in prize money and, more importantly, access to investors and connectors to drive their ideas forward. The Greif Center hosts and supports various competitions and gatherings, including: New Venture Seed Competition Contestants refine pitches through workshops; finals are judged by venture capitalists, angel investors, and entrepreneurs. Hosted and funded by the Greif Center. Total prizes: $50,000. University Venturing and Angel Summit Sponsored by the Greif Center, it attracts top ventures from nine Southern California universities, who present to more than a dozen angel investment groups. Women in Business Competition The USC Marshall Graduate Women in Business Competition invites teams of women MBA students to pitch new business ideas before a panel of experts. Total prizes: $40,000. Stevens Innovator Showcase Students from all disciplines showcase their businesses and prototypes during Trojan Family Weekend. The most promising concepts compete for cash awards. Total prizes: $25,000. Maseeh Prize Competition (with USC Viterbi) The focus is solving global problems in energy, health, education, safety, and the environment — and giving engineering students valuable business skills. Total prizes: $50,000. The Min Family Engineering Social Entrepreneurship Challenge (with USC Viterbi) USC students use innovative engineering and technology to develop sustainable, effective solutions to global problems. Total prizes: $50,000. The Real Deal @USC (with USC Viterbi) Spotlighting USC and L.A., and partially funded through USC’s National Science Foundation I-Corps grant, students make pitches Shark Tank-style for equity investments. Mayor’s Cup Civic Challenge Students and faculty from all L.A. colleges compete to solve some of the City’s most pressing problems. Supported by The Mayor’s Office of Budget and Innovation and the Greif Center. Grand prize: $25,000. 15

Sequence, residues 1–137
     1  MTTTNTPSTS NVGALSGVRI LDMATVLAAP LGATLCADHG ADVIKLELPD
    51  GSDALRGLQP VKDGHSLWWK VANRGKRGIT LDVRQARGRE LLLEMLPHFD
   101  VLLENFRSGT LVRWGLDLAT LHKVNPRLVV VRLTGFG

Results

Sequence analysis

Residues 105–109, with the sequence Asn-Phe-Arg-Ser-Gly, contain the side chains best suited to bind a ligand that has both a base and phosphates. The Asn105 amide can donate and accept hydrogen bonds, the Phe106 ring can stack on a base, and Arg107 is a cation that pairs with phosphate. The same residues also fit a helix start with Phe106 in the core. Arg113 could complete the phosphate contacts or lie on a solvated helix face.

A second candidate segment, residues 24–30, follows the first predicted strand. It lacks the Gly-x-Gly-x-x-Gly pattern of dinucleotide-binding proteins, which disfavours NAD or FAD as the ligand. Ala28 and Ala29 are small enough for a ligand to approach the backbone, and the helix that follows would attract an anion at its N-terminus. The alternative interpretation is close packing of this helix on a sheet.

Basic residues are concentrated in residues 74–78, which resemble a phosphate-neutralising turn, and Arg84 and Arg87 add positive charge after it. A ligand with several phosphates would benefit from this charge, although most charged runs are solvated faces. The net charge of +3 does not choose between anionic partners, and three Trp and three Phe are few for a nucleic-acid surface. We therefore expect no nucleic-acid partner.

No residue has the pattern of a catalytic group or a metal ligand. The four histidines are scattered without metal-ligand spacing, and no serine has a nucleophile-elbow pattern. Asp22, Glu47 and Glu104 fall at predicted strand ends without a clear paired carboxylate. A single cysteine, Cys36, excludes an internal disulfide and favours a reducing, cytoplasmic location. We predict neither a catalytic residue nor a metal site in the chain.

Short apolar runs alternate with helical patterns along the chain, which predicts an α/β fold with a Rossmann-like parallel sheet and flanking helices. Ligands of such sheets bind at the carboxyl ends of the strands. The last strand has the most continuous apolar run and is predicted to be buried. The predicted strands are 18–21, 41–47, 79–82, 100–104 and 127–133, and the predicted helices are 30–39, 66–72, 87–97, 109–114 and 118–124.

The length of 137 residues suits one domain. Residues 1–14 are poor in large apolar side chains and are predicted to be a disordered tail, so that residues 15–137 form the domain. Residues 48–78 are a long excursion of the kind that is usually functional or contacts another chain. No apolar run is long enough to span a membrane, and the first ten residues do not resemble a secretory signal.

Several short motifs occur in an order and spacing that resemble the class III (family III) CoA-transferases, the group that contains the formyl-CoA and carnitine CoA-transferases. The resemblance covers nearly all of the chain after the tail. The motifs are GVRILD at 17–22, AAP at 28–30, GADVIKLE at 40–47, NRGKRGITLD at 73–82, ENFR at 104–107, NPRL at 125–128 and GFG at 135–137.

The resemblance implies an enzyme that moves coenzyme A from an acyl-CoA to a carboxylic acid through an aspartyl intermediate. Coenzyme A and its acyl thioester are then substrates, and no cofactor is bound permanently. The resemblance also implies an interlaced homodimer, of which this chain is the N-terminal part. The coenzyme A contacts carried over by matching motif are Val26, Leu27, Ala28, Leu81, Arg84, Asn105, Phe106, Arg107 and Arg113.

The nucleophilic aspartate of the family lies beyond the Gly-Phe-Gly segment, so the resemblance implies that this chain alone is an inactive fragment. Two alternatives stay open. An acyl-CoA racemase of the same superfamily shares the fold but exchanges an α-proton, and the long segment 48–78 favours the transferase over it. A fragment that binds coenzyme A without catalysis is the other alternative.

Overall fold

SOCIAL ENTERPRISE

» TARGETING SOCIETAL CHALLENGES The first and leading program of its kind at a major university, the

Brittingham Social Enterprise Lab empowers the next generation of social entrepreneurs and business leaders to tackle and solve large societal challenges through profitable and mission-based businesses. Students learn from thought leaders and entrepreneurs who have done it in the real world, including Adlai Wertman, founding director; esteemed researcher Jill Kickul; Jessica Jackley, visionary founder of kiva.org; and Abby Fifer Mandell, executive director. Undergraduate students can minor in Social Entrepreneurship, while graduate students can study an MBA concentration in Sustainability, Society and Business, earn an MS in Social Entrepreneurship, or complete a Certificate in Sustainability and Business.

SUSTAINABLE INVESTING  Suzana Amoes (MS, Social Entrepreneur­

Terra Limpa’s solution: increase private

ship ‘16) is a co-founder of Terra Limpa, an

investments to create a new class of

impact investment fund that won the 2016

smallholder farmers. “The time to restore

Morgan Stanley Sustainable Investing

Angola’s agricultural legacy is now,”